We had several separate lists, set up in iTunes as follows:
Wedding 1: Pre Ceremony- On this we had 5 longish, slow, soft songs. Norah Jones, and some soft orchestral/violin covers of video game or movie songs. (Mostly nerdy stuff by Lindsey Stirling)
Wedding 2: Processional- One song. Speaks for itself. (In our case, the theme from My Neighbor Totoro, called Path of the Wind by Joe Hisaishi.)
Wedding 3: Recessional- One song. Again, simple. (In our case, an audacity-edited version of a fanfare from a video game we like called Fire Emblem.)
Wedding 4: Cocktail Hour- 16 songs for 60 minutes of tunes. This was actually the second to last playlist we *made* because it was a good place for a lot of songs we wanted to fit in but didn’t see a good place for during dancing. This was pretty personal to us, so I’m not sure our picks will help – we had a mix of upbeat and loungey music with some funny songs (lonely island, weird al, jonathan coulton) mixed in. Mostly modern stuff, this is where our more obscure, hipstery picks came in, because basically if people didn’t recognize it, they would ignore it and continue chatting and drinking, if they did, they’d go “oh neat” and then continue chatting and drinking. Last song was the Jurassic Park theme, just ’cause.
Wedding 5: First Dance – One song. (In our case, You and I, by Ingrid Michaelson.)
Wedding 6: Dinner- Another hourish of music, 15 songs this time, more hipster stuff but a bit more subdued and with more classic rock and oldies geared toward the older folks.
Wedding 7: Dance 1- 6 songs, 20 minutes, very high energy. Power rangers theme song, Spaceman by The Killers, Friday Night by The Darkness, Take Back The City by Snow Patrol, Long Train Running by Doobie Brothers, Don’t Make Me Wait by Locksley. Had the younguns take the lead on the dance floor with high energy songs deliberately tailored to our crew, with the inclusion of Doobies, tailored to his family to wake up some of the older folks.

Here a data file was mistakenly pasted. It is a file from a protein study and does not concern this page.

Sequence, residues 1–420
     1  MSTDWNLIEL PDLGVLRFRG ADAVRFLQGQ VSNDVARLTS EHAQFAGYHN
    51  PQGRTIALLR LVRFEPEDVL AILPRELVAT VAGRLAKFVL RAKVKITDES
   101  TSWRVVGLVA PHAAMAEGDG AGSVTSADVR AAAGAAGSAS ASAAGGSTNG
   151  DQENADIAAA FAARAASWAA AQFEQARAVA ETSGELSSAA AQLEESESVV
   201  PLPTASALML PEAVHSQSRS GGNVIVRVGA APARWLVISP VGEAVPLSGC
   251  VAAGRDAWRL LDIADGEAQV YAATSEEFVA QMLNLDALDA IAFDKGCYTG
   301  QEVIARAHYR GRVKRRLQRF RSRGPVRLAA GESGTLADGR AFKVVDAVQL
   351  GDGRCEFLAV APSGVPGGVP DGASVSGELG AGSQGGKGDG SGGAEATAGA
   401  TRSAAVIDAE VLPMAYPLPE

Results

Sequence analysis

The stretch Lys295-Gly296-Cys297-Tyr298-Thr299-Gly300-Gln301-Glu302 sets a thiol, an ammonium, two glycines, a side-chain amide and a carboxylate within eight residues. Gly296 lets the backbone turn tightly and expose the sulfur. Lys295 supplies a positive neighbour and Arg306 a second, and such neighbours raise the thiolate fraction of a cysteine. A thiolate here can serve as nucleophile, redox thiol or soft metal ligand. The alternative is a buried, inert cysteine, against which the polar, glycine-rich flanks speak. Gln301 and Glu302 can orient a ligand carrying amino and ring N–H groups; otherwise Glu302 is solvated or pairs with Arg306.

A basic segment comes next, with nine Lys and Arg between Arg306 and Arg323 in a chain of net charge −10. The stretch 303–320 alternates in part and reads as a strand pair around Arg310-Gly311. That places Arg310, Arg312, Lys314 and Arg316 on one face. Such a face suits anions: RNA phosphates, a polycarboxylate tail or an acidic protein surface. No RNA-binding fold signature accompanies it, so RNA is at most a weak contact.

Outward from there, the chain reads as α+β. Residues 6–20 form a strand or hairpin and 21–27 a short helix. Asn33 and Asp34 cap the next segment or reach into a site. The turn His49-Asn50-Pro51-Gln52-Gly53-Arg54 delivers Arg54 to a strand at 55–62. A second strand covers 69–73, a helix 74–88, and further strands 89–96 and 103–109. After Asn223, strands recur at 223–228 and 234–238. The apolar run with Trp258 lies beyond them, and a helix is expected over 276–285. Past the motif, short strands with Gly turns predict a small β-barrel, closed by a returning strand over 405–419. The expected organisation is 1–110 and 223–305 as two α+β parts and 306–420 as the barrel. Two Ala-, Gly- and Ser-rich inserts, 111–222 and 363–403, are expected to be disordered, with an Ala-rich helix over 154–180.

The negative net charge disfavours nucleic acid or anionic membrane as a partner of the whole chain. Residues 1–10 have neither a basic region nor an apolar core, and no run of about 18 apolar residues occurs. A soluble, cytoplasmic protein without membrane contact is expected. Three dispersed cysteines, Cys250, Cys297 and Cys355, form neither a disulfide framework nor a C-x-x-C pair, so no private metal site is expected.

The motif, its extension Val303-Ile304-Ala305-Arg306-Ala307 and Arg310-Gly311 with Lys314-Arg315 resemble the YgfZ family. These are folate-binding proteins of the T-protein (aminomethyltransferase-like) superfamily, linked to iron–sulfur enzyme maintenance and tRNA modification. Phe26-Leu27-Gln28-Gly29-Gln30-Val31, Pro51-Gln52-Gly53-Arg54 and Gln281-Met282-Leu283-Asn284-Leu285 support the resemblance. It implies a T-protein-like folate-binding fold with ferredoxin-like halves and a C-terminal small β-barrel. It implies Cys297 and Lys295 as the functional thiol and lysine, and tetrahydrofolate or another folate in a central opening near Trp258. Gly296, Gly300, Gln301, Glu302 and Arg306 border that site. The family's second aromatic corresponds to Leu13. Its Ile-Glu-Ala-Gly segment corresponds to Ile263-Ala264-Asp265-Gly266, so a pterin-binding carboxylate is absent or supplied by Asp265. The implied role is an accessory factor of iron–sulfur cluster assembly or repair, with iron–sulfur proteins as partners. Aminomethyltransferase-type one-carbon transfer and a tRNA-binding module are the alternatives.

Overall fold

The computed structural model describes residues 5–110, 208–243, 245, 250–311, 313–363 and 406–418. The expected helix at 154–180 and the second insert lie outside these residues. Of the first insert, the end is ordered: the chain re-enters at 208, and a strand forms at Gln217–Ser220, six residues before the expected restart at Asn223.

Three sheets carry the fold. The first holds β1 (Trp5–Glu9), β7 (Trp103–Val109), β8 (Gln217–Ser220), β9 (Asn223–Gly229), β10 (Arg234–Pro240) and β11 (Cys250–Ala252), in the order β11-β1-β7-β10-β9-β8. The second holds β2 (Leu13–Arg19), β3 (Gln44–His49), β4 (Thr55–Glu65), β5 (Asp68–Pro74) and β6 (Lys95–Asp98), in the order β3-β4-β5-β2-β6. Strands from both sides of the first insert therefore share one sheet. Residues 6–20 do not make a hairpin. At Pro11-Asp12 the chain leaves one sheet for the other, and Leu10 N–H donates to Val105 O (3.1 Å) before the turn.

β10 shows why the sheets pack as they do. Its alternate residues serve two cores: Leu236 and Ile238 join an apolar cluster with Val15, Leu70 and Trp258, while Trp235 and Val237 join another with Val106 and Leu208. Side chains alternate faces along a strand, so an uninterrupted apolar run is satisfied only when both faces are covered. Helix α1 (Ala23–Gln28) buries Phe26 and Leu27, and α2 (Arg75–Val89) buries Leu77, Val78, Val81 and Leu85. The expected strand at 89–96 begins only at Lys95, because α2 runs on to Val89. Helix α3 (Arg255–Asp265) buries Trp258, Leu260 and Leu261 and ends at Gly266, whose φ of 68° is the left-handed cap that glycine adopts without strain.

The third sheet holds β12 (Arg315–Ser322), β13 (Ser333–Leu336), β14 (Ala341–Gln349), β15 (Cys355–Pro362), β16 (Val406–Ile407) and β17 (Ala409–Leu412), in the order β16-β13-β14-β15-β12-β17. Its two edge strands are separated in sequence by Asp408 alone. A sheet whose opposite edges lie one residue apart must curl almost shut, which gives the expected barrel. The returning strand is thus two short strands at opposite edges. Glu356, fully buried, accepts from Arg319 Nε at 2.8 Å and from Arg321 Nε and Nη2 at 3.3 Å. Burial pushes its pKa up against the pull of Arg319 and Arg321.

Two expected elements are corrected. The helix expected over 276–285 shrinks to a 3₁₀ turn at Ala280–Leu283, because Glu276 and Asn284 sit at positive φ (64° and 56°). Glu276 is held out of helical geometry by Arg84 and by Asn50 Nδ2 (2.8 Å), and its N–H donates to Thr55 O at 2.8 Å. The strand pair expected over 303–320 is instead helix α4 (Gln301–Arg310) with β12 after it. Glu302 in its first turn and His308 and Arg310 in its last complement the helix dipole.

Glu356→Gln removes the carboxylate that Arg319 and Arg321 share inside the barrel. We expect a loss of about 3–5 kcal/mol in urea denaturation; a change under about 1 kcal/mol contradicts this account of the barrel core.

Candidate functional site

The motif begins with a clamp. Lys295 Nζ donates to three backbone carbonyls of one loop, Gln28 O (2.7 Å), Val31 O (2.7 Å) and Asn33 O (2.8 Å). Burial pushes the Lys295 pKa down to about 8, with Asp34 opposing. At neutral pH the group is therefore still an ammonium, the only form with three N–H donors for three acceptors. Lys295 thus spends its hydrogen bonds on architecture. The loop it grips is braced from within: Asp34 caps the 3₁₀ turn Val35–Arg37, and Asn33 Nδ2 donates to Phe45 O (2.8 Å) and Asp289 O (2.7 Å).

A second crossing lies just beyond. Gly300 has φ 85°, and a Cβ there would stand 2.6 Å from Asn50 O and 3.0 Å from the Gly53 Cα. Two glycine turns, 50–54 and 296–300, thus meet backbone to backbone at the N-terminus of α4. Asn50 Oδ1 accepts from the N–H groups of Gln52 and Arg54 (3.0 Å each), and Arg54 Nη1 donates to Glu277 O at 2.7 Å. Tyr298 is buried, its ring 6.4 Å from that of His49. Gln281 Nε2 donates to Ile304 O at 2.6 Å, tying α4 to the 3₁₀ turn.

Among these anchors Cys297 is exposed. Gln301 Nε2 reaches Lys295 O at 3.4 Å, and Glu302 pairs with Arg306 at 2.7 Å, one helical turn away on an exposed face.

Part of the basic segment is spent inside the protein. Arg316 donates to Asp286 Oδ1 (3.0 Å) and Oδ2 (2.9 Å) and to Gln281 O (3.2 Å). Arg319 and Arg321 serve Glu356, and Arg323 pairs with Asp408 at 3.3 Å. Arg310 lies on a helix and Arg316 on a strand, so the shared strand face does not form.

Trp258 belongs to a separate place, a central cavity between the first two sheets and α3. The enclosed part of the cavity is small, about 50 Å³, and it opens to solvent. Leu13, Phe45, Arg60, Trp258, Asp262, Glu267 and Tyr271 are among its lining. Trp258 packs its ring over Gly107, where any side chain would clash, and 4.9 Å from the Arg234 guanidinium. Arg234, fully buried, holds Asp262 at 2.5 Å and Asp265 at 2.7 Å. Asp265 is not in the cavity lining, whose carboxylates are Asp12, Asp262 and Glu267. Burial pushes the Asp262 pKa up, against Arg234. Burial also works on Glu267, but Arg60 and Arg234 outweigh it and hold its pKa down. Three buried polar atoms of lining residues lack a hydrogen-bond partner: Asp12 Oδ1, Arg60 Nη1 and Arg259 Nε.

Wedding 8: Cake cutting- One song. Noticing a pattern to the event songs here? Making a seprate one-song playlist for events makes it easier to pick out for you or whoever is helping you out. (I had an assistant.)
Wedding 9: Dance 2- 24 songs, 1 hour and 26 minutes. By this point in the night, the old folks are on the other deck smoking cigars and chatting or making their way out, exactly as predicted, so it’s geared toward the younger folks. This was broken down into several 20 minute “sets” and then merged. A flowing mix of high energy pop, a couple mid-beat transition songs, a couple of slow songs, a “rest song” (good for listening, eh for dancing), a transition song (Airplanes by BoB), 4 more high energy pop songs, one slow song, one rest song, several more high energy dance songs culminating in Sexy And I Know It by LMFAO (a favorite in our group) and then the wind down songs: Do You Realize by The Flaming Lips, and…
Wedding 10: Last Dance-Another one song playlist, so it could be easily located if the timing was off. Somewhere Over the Rainbow, by Israel K.
Wedding 11: Backup Music- 11 songs, 43 minutes of assorted other music we liked and we know other people liked just in case we needed more tunes for some reason.
How we selected:
We made a spreadsheet. On that spreadsheet we each added every single song we could conceivably imagine wanting to hear on our wedding day or that we think anyone else might want to hear, with artist, track name, and length of song.
Next, in another column, we marked down whether a song was most appropriate for dancing, cocktail hour, or dinner. (Including markings for songs that could fit in multiple categories.) From there, we marked each of our most important DANCE songs – we had a limited time for dancing and wanted to make sure we both heard our top songs. We picked dance songs by preference and what we knew would get people moving, as well as what sounded good together. Slow songs were very limited.
Once we had finished setting up our dance playlist and tweaking the flow of it, we moved on to cocktail hour, which was MUCH easier, and then dinner, where we tossed all the songs we wanted to hear but couldn’t fit anywhere else.
We… acquired… all the music. ;D DH did some editing on audacity to make sure there was no noise or dead space at the fronts and ends of certain tracks. Put it all in itunes in playlists as listed above, set it with a few seconds of crossfade and volume matching on, and you’re good to go!
It sounds like more work than it is… it is some, but it was a lot of fun and we had a blast doing it together.
Obviously if your reception is shorter or longer, or you have more events, you modify. You can split up the dancing into more playlists if you need to have more events. Also, we were blessedly covered for equipment as our venue had a nice speaker setup we could take advantage of. So I can’t really advise on that since it was taken care of for us.